October 26, 2007

Massive Bird Die-off Tied to Invasive Snail
Winona Daily News - www.winonadailynews.com
26 Oct 2007
A Dulek
Area: Minnesota and Iowa, USA

Circling high over Lake Onalaska, two eagles fought over an American coot in one of the eagles’ talons. The eagle lost its grip, and the coot plunged into the water near Broken Gun Island. It bobbed to the surface but made little effort to escape as the eagles swooped overhead.

“He’s probably sick and they know it. It’s easy pickings around here,” said Calvin Gehri, a biological technician with the U.S. Fish and Wildlife Service’s La Crosse District. The dying coot would soon join the thousands of dead waterfowl Gehri and other refuge staff have collected along the shores of the Mississippi between Dresbach, Minn., and northern Iowa.

More than 25,000 birds — mostly coots and scaup — have died on the upper Mississippi River since 2002 as a result of eating faucet snails that carry an intestinal parasite, according to federal wildlife officials. From 2005 to 2006, there was a 16-fold increase in bird deaths in pools 8 and 9. Last fall, there were an estimated 5,000 bird deaths in the area between La Crescent, Minn., and MacGregor, Iowa.

Mystery Bee-killing Disease Returns to Florida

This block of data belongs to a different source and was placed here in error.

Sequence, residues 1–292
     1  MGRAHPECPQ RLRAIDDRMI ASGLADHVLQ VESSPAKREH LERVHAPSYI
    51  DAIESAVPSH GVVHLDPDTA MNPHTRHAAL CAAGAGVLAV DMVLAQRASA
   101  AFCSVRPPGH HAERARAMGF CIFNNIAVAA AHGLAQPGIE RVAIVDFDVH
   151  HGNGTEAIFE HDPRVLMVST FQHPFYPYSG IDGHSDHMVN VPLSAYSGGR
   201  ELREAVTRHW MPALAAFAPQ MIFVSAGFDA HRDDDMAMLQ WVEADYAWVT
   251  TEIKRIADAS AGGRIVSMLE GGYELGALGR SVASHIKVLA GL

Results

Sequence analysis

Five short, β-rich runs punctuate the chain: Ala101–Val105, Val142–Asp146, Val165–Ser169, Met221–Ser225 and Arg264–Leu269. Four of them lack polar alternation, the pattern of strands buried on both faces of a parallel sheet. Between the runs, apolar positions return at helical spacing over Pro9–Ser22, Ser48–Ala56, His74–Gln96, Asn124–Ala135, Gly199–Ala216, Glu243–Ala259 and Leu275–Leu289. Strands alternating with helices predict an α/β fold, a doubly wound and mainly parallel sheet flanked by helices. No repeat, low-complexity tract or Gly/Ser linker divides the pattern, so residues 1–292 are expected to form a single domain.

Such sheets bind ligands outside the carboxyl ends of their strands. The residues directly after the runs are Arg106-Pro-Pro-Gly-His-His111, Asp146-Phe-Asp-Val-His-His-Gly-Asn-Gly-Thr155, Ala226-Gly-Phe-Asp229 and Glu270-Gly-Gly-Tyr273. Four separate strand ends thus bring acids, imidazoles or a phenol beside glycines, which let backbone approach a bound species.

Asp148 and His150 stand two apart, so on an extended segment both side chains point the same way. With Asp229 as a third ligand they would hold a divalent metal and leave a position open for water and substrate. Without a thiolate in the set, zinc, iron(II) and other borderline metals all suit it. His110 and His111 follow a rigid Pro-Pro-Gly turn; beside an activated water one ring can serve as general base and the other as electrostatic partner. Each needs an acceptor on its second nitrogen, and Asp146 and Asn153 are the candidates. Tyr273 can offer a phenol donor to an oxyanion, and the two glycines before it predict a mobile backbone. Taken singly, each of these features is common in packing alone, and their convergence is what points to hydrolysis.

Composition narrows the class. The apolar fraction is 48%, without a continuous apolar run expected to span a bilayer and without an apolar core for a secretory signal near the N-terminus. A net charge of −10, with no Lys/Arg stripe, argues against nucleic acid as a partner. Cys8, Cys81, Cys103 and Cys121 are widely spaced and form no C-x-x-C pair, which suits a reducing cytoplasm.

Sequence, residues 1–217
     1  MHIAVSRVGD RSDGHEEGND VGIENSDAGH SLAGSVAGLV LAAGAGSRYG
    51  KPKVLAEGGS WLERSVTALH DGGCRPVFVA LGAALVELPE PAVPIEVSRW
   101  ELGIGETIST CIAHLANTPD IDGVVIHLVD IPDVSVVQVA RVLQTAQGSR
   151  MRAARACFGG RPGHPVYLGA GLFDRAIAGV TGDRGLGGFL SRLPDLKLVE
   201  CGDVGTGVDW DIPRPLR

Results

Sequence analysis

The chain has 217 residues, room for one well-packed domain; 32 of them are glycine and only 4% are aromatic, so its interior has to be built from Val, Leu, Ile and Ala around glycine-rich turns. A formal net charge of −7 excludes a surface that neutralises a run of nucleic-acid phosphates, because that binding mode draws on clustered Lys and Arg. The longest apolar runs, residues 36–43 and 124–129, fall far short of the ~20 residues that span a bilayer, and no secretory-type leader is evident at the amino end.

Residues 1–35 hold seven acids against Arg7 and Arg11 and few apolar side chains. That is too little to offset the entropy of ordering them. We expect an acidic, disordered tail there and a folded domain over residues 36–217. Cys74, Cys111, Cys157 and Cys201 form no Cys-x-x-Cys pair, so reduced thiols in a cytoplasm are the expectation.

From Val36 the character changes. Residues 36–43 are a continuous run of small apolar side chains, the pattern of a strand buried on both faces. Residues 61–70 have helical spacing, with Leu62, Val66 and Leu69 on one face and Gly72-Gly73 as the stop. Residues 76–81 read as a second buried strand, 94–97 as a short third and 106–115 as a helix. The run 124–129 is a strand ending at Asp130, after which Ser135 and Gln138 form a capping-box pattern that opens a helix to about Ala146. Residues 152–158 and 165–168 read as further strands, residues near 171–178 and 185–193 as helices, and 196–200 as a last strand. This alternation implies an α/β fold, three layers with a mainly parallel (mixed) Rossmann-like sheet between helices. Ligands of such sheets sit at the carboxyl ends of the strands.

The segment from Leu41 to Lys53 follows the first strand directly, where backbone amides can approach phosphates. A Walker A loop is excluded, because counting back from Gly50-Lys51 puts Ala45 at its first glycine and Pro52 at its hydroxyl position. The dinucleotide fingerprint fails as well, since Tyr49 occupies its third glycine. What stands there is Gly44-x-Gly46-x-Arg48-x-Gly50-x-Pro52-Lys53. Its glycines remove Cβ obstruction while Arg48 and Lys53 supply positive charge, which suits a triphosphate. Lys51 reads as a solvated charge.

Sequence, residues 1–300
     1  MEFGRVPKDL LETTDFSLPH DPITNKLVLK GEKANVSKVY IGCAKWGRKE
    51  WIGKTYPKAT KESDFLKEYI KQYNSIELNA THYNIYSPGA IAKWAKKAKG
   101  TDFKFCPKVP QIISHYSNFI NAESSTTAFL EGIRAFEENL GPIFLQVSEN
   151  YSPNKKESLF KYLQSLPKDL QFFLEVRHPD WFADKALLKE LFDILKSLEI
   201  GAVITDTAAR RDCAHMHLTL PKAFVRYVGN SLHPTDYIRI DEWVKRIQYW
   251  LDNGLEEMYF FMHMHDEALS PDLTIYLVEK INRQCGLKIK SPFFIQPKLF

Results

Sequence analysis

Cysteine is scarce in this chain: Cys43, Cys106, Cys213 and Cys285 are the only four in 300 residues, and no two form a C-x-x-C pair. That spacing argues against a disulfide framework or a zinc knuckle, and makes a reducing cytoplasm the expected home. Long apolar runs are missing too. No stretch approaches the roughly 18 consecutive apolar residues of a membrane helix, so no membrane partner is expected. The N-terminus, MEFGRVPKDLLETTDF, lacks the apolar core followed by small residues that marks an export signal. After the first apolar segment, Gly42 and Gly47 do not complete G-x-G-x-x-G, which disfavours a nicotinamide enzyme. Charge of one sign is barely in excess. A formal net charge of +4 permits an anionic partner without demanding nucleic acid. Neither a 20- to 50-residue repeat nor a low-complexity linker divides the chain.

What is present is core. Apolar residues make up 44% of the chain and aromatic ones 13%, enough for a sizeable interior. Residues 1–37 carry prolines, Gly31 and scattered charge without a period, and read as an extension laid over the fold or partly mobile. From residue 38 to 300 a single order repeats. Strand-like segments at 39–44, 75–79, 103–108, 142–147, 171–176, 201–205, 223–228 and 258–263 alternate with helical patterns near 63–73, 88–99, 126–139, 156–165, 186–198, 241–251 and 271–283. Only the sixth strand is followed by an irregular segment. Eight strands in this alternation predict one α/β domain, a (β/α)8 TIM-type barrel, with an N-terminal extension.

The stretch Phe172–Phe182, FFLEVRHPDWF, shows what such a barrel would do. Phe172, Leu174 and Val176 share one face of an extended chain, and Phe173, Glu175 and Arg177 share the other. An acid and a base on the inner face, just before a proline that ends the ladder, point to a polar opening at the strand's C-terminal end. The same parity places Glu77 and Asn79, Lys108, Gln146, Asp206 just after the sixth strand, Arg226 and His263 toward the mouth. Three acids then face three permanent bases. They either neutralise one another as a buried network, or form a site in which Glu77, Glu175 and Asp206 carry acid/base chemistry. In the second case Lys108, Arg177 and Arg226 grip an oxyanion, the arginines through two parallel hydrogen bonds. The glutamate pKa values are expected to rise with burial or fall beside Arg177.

Cox News Service (Posted by The Atlanta Journal-Constitution - www.ajc.com)
25 Oct 2007
J Nesmith
Area: Florida, USA
Photo courtesy of PBS Nature

Unexplained honeybee deaths have recently started showing up in Florida, the same state where the mysterious Colony Collapse Disorder was first discovered a year ago, the Agriculture Department's top bee scientist said Thursday. Jeffrey Pettis, research leader of the department's Bee Research Laboratory in Beltsville, Md., said it is too early to say if another round of bee die-offs has started.

The insect plague devastated thousands of commercial bee hives in several states last year, posing a threat to crops that depend on bees for pollination. When it occurs, worker bees fail to return to hives, leaving juvenile bees and some adults to die. "We have heard recently from Florida beekeepers who have colonies in declining health," said Pettis. Speaking at a conference on problems that confront honeybees, bumblebees, butterflies, birds and other important pollinators, Pettis said specimens have been brought to his lab for analysis.

Colony Collapse Disorder, known as CCD, was first reported by a Florida beekeeper in November of last year. It quickly started showing up in other states.

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How Canine Distemper Virus Jumps Across Species
ScienceDaily - www.sciencedaily.com
26 Oct 2007

Researchers at the University of Leeds have made a breakthrough in understanding a virus which poses one of the greatest global disease threats to wild carnivores including lions, African wild dogs and several types of seal. The discovery of how canine distemper Virus (CDV) jumps across and infects different species of carnivores could lead to a more effective monitoring and control of the virus.